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Q: Why are Neonicotinoid insecticides still in use in the United States while Europe has banned their use after evidence of harm to bees and other wildlife?
Posted On: Monday, 3/10/2014 12:51 am
Answered By: Iain Kelly, Director, Regulatory Policy and Issue Management, Bayer CropScience on Thursday, 5/15/2014 5:50 pm
A: Neonicotinoid insecticides represent an important advancement in agricultural technology that has helped American farmers increase productivity and improve cost competitiveness. Most scientists and bee experts agree that declining bee health is a result of multiple factors, including parasites, diseases, inadequate nutrition, weather and hive-management practices. Large, multifactorial studies conducted in Europe and North America show that poor bee health correlates well with the... Continue Reading
Posted On: Sunday, 3/30/2014 10:25 pm
Answered By: David Saltmiras, Science Fellow, Toxicology Manager of the Novel Chemistry and Microbials Product Platform, Monsanto Company on Thursday, 5/15/2014 5:16 pm
A: No, glyphosate does not cause cancer. But don’t just take my word for it. Please also consider statements from multiple authorities who reviewed both robust glyphosate data sets and peer-reviewed literature, quoted below. Over the last 25 years or more, these expert reviewers have not wavered from the science-based conclusion that glyphosate does not cause cancer. What I find quite compelling is that over the years, the volume of toxicology studies on glyphosate has grown considerably and has... Continue Reading
Q: What is the industries opinion on why GMO food supplies are being viewed by some of the population as intrinsically bad, by the public both in the United States and in foreign countries?Why are so many countries banning GMO food supplies if there...
Posted On: Tuesday, 7/30/2013 11:39 pm
Answered By: Eric Sachs, Ph.D., Environmental, Social and Economic Platform Lead, Monsanto Company on Thursday, 5/15/2014 5:13 pm
A: Many social scientists believe that “genetic modification” of food crops produces an emotional response in human beings because people believe that food is fundamental to life and should not be tinkered with. The term “genetically modified” is poorly understood and can sound very scary. What many people need to know is that virtually all of the food we eat has been genetically modified for thousands of years by nature, by farmers saving their best seeds and by plant breeders. An example of... Continue Reading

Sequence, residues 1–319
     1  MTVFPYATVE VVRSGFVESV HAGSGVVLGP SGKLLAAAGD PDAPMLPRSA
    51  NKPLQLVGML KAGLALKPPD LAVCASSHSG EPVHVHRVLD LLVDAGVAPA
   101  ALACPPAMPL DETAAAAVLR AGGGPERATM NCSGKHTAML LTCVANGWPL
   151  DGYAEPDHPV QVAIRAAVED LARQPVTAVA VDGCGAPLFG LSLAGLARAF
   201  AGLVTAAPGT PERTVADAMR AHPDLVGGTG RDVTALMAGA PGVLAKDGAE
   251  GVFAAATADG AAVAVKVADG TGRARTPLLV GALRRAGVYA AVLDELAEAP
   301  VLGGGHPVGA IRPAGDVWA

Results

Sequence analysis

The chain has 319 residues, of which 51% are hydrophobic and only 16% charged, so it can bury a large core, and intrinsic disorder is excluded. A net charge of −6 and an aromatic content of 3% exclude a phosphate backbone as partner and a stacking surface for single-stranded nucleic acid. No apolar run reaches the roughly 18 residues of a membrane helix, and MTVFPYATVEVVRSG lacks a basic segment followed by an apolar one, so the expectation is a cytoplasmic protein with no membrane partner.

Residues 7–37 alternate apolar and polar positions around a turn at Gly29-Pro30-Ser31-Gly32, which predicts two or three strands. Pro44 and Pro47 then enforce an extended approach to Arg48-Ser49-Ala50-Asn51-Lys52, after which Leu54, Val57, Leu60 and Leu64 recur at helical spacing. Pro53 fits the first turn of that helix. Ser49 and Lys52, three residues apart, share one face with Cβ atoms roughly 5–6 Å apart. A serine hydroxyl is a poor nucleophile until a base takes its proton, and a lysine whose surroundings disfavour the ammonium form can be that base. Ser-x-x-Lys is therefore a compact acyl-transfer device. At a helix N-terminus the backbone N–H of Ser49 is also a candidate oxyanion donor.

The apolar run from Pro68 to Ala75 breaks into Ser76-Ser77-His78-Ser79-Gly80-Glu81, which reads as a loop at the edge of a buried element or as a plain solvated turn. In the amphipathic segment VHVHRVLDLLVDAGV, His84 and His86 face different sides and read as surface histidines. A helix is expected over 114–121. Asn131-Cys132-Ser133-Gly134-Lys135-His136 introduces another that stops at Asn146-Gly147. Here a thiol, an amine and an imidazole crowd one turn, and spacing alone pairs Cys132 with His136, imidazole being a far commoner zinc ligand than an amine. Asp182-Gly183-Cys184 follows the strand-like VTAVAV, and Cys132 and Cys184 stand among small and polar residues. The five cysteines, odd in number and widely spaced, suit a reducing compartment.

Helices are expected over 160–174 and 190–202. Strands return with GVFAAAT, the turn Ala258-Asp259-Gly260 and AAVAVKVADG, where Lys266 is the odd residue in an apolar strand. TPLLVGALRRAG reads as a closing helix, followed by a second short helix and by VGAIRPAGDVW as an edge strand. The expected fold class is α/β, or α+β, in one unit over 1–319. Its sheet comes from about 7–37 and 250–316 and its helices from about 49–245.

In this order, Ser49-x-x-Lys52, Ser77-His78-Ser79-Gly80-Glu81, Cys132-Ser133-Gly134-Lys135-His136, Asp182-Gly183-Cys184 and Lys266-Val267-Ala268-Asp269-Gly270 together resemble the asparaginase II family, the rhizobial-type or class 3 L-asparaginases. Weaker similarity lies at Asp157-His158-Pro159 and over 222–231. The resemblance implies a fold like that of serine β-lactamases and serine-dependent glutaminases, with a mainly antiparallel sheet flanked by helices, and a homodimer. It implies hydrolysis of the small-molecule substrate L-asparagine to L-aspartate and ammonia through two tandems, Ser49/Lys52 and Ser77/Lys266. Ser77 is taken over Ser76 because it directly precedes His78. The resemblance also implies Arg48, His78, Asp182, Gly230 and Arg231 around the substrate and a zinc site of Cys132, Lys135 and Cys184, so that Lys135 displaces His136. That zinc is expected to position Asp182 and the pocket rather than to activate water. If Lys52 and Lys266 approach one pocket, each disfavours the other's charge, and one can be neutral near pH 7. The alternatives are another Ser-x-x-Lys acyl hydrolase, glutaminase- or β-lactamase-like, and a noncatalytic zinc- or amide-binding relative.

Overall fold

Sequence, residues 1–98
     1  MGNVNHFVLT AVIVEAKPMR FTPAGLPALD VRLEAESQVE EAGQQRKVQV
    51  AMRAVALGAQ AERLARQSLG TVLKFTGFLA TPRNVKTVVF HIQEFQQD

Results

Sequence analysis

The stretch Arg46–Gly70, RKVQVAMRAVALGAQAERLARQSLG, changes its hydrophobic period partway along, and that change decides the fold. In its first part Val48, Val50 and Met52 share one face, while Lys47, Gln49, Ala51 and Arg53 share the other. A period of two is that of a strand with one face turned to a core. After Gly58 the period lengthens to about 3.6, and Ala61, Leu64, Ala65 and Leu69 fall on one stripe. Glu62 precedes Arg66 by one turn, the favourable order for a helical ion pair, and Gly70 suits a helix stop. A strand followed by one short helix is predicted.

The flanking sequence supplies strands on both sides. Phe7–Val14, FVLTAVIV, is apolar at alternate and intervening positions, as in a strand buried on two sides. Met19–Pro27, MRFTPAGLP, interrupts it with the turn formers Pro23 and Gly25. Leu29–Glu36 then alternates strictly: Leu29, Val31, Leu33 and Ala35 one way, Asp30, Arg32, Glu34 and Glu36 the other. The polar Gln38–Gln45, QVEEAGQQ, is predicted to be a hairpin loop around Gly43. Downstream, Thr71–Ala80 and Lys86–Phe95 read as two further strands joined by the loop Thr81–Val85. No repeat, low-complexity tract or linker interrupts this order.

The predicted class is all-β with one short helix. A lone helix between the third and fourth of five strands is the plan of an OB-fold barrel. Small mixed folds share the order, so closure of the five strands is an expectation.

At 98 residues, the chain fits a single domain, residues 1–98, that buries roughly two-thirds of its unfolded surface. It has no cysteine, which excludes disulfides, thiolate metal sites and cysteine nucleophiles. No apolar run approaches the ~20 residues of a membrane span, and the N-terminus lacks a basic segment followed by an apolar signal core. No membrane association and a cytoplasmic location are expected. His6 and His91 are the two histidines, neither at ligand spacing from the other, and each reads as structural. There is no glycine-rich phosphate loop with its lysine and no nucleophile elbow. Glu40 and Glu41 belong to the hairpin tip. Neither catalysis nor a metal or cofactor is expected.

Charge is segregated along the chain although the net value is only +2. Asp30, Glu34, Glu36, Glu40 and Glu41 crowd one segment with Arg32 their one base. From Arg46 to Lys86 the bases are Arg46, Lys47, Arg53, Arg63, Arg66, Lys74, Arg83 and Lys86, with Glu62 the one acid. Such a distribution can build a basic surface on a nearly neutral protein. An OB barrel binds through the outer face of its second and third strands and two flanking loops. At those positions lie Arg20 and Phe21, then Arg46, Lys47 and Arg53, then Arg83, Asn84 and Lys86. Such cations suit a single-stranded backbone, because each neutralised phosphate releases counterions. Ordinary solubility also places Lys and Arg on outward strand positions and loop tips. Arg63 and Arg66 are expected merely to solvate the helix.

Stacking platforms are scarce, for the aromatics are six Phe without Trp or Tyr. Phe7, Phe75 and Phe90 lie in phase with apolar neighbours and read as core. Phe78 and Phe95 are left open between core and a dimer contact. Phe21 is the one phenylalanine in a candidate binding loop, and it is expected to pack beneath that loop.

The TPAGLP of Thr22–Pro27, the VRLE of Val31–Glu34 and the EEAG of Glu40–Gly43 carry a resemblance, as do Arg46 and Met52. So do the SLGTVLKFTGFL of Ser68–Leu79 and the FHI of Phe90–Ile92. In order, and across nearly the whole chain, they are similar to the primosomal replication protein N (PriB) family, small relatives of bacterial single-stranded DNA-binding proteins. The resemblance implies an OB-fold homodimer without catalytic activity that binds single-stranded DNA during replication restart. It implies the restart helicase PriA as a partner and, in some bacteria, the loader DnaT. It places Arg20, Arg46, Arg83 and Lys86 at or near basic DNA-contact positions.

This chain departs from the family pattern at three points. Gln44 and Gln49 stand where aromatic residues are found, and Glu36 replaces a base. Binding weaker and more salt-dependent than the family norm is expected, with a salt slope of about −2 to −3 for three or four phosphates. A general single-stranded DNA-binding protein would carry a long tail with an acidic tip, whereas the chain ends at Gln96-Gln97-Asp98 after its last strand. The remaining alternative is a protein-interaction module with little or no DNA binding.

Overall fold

Q: The technology behind GMOs, like any technology, is not inherently good or bad but can be abused. What is being done to better recognize and avoid such abuses?
Posted On: Tuesday, 7/30/2013 5:33 am
Answered By: Gary Marchant, Regent’s Professor and the Lincoln Professor Emerging Technologies, Law and Ethics at the Sandra Day O’Connor College of Law at Arizona State University on Thursday, 5/15/2014 5:12 pm
A: It is true that most technologies are not inherently good or evil but rather must be evaluated based on how they are used. In the case of genetically modified crops and foods, there have been enormous benefits from the applications used to date, as documented in a report released in May 2014 in the United Kingdom. There is the promise of even greater benefits in the future of this technology. But, like any technology, GM technology could be abused and applied in a malevolent or socially... Continue Reading
Posted On: Thursday, 4/10/2014 1:27 pm
Answered By: Community Manager, Moderator for GMOAnswers.com on Friday, 4/25/2014 1:57 pm
A: Several federal government agencies are involved in the regulation of GM crops. This post by Steve Savage explains the historical context of this regulatory process in the U.S. Here is an excerpt: “Most industries that are regulated have a history of past environmental or health problems that precipitated the need for governmental oversight in the first place. In the case of crops improved by biotechnology, the regulations were put in place well before any such crops were... Continue Reading